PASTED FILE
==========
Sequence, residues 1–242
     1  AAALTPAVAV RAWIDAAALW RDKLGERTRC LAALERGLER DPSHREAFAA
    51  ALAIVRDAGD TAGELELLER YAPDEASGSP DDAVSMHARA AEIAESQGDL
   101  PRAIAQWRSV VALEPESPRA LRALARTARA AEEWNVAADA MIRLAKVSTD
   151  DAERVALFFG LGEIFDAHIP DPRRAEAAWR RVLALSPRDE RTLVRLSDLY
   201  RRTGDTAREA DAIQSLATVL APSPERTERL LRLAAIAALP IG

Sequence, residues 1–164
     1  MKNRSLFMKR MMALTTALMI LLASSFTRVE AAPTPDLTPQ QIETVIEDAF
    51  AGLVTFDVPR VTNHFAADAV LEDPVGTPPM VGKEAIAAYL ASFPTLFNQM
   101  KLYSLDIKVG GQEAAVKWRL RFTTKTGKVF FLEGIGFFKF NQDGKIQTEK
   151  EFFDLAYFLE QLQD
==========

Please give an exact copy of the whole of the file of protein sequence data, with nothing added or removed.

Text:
Sequence, residues 1–242
     1  AAALTPAVAV RAWIDAAALW RDKLGERTRC LAALERGLER DPSHREAFAA
    51  ALAIVRDAGD TAGELELLER YAPDEASGSP DDAVSMHARA AEIAESQGDL
   101  PRAIAQWRSV VALEPESPRA LRALARTARA AEEWNVAADA MIRLAKVSTD
   151  DAERVALFFG LGEIFDAHIP DPRRAEAAWR RVLALSPRDE RTLVRLSDLY
   201  RRTGDTAREA DAIQSLATVL APSPERTERL LRLAAIAALP IG

Sequence, residues 1–164
     1  MKNRSLFMKR MMALTTALMI LLASSFTRVE AAPTPDLTPQ QIETVIEDAF
    51  AGLVTFDVPR VTNHFAADAV LEDPVGTPPM VGKEAIAAYL ASFPTLFNQM
   101  KLYSLDIKVG GQEAAVKWRL RFTTKTGKVF FLEGIGFFKF NQDGKIQTEK
   151  EFFDLAYFLE QLQD